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Online Education: All That Glitters is Not Gold

This online system of education is highly discriminatory and is heavily skewed in favour of rich and middle class urban households.

Corona has led to unprecedented lock down and all the schools & colleges of the country are closed for the past more than 3 months. Adversity creates opportunities; disruption leads to innovation and changes. Online education is not something out of box, it was very much there as an educational vision in this increasing age of ICT and digitization and sooner or later, India would have adopted it. But there is no denying the fact that Covid has hastened the process towards online education.

Online classes through Google Meet sitting in the comforts of your home, study content on your WhatsApp, e books and e libraries, audio visual presentations of teachers and videos and several education based apps are redefining the sphere of education as no one could have imagined before. Online education has simply created a buzz as the opinion makers are preoccupied with debating the various advantages of this system as to how it has made education highly personalized & individualized, how it has made education flexible by making it available at any time and from any place and how it has reduced costs by removing the indispensability of physical brick & mortar classrooms.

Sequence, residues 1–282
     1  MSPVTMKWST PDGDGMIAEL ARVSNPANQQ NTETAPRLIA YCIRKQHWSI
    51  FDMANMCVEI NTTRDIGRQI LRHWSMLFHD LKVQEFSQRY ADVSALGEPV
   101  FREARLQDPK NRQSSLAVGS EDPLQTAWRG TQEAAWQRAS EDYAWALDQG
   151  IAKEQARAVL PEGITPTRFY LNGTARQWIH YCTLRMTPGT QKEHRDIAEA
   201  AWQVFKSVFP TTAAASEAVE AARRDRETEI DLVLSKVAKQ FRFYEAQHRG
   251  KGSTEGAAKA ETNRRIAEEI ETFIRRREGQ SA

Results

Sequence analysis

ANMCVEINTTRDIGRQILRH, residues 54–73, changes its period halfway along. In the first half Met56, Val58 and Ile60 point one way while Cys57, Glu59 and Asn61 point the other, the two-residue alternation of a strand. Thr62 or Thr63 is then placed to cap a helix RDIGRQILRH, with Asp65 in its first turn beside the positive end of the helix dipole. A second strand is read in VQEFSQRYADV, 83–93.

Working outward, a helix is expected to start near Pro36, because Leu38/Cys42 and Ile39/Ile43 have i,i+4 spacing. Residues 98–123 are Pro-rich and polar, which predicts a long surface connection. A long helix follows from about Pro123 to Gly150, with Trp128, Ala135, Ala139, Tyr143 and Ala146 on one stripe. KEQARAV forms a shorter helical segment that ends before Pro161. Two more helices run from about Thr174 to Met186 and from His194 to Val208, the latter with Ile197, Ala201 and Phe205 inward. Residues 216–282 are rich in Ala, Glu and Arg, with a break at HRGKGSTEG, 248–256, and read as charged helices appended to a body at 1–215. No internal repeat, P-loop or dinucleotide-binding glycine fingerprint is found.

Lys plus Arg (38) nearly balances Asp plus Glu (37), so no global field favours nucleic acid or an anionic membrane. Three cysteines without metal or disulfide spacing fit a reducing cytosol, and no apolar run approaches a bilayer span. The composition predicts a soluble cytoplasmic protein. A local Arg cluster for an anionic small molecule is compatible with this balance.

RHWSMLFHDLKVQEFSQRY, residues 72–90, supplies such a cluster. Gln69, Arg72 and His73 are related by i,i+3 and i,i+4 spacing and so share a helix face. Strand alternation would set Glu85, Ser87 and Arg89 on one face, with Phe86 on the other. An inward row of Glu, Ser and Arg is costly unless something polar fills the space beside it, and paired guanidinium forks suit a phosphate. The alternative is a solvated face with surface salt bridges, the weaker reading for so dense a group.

Despite all hue and cry and the inevitability of digital education as the medium of mass education in future owing to rapid strides in technology and the transformation of our society into a digital one, it’s time to make a rational assessment on the long-term impact of online education before jumping to rapid conclusions about its desirability.